Asheville Waste Paper Co. Inc.
Asheville Company Was Pioneer In Recyclying Business
By Paul Johnson
Fifty years ago Carl V. McMahan notices the bits of paper and metal he was picking up as a garbage truck driver for city of Asheville and saw the markings of a novel business.
So McMahan traded in the Model A Ford for a 2-ton truck and spent $150 on a hand press that would crush scraps into bales. When McMahan launched Asheville Waste Paper Co. in July 1941, his idea of taking trash and putting it to a productive use struck many as far fetched.
"When my father started the business, if you asked the average man on the street what recycling was, he wouldn't know," said 63-year old Paul McMahan, son of the company founder and now president of Asheville Waste Paper.
Today, the elder McMahan is considered a visionary, a man who predated an age when recycling would become a common practice in the family kitchen and corporate mill.
The small operation McMahan started in a shop alone Depot Street has evolved into a company with a 30,000-square-foot facility along Riverside Drive where mammoth machines crush and bale paper, aluminum cans and cardboard just a stone's throw from the French Broad River.
As the ecology movement has made in-roads into people's awareness of the environment, Asheville Waste Paper has turned into a nerve center for recycling.
Asheville Waste Paper's main customers are mills that take the recycled paper and turn it back into pulp, a demand that should continue to increase.
"All new mills are being built as recycling mills," McMahan said.
Environmental awareness on the part of average citizens also has helped Asheville Waste Paper prosper.
"I'd say it has caused our business to grow more in the past two years than it had in the previous 10 years," McMahan said.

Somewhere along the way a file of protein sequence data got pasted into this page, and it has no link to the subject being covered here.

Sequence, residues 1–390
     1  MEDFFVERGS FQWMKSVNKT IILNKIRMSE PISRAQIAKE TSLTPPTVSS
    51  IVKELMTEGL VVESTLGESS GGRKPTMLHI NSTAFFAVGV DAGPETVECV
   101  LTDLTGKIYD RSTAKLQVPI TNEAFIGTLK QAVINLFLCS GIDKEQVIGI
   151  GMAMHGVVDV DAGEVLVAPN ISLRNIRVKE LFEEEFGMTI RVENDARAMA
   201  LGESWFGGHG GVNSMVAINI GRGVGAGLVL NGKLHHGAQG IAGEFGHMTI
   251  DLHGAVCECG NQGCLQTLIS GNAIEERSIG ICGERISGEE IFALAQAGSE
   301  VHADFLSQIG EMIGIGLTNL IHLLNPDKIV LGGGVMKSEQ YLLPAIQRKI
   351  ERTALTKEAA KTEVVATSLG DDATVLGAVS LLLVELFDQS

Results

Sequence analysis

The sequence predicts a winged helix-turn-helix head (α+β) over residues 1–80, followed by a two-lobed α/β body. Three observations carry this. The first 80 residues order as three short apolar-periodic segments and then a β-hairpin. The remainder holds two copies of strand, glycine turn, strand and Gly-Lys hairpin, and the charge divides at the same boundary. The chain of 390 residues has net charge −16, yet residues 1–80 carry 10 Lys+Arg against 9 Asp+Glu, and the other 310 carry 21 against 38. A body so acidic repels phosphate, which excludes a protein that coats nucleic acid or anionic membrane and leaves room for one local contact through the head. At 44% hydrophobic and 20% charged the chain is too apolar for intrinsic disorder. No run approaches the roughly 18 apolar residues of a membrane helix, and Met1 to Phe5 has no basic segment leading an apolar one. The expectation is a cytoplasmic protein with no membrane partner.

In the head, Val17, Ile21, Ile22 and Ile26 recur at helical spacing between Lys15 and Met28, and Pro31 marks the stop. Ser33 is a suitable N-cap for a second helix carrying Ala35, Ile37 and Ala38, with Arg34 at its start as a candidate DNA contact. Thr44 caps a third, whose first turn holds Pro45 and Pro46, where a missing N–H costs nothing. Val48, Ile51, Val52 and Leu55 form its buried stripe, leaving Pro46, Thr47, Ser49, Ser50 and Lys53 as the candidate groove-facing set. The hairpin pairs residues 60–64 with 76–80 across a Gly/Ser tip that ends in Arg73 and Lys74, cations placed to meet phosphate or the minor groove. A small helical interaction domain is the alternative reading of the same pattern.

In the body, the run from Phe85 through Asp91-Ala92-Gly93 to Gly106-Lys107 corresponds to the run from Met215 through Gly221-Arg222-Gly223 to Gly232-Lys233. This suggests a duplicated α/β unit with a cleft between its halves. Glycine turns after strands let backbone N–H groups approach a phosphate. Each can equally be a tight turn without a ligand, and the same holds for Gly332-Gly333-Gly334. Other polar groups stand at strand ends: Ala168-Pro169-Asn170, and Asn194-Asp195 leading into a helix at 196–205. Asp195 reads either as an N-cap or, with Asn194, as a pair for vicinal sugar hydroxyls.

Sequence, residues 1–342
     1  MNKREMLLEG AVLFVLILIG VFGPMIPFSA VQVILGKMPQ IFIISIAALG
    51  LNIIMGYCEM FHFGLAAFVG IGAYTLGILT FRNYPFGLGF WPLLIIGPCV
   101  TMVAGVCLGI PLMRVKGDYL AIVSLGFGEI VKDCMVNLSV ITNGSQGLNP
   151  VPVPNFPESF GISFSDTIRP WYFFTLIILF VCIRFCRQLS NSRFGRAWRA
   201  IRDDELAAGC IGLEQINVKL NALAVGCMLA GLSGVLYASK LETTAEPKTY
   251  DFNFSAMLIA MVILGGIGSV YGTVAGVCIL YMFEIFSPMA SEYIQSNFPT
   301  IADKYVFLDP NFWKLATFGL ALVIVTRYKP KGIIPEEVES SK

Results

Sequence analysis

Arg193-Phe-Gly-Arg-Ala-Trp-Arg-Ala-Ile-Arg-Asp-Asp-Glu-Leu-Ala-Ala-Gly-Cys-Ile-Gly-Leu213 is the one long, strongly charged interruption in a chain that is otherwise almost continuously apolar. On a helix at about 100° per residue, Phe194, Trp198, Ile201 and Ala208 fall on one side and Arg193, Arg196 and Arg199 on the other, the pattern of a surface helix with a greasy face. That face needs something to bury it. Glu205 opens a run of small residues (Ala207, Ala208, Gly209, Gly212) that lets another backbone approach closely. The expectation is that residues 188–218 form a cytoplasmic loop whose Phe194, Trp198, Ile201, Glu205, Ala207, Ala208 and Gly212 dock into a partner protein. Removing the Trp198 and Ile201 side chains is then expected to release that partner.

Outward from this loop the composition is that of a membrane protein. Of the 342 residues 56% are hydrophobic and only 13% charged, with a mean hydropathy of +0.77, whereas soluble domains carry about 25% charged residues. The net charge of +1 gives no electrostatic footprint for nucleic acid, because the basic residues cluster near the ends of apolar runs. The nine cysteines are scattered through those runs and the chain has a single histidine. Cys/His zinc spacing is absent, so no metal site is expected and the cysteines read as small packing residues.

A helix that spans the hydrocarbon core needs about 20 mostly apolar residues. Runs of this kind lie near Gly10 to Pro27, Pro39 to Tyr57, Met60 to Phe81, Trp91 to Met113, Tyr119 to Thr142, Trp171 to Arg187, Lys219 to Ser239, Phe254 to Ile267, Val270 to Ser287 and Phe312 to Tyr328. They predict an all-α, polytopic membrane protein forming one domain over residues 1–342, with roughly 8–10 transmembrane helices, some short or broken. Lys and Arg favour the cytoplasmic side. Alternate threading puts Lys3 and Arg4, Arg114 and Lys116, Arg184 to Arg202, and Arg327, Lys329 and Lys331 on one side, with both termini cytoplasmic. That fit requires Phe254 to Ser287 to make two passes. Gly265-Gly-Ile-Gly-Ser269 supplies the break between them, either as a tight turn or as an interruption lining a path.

Asheville Waste Paper has adjusted by expanding its services, such as having a 24-hour drop-off point for newspaper, to make recycling more convenient. The company also plans to expand into plastic recycling, McMahan said.
But while environmental awareness has boosted the company's markets, it has also diminished the price for it's main product, recycled paper.
The price has dropped because of a glut; as more waste material has been recycled, McMahan said, it has outpaced the amount being used in mills.
The average 1,700-pound bale now brings $25. Two years ago a similare-sized bale brought $35.
"But the market is always adjusting to supply and demand. It will turn around in a couple of years." McMahan said.
The younger McMahan was by his fathers's side from the business' first day, helping load bales as a 13 year old.
In 1949 he became a partner in his father's business and took over the operation when his fater retired in 1962. The elder McMahan died in 1967.
When Asheville Waste Paper began, workers had to manually compress bales, turning out about 2 tons an hour. Now mechanized machines can bale up to 20 tons an hour.
"We didn' even have a forklift until the 1950's" McMahan said. "We loaded everything with a hand truck."
Asheville Waste Paper remains a family business. McMahan's wife, Thelma "Buzz" McMahan and daughter Annette Pace, are both vice presidents.
The company will mark its anniversary with an open house from 10 a.m. to 2 p.m. April 20. The timing is significant, McMahan said -- Earth Day, the annual celebration of the environment that emphasizes the importance of recycling.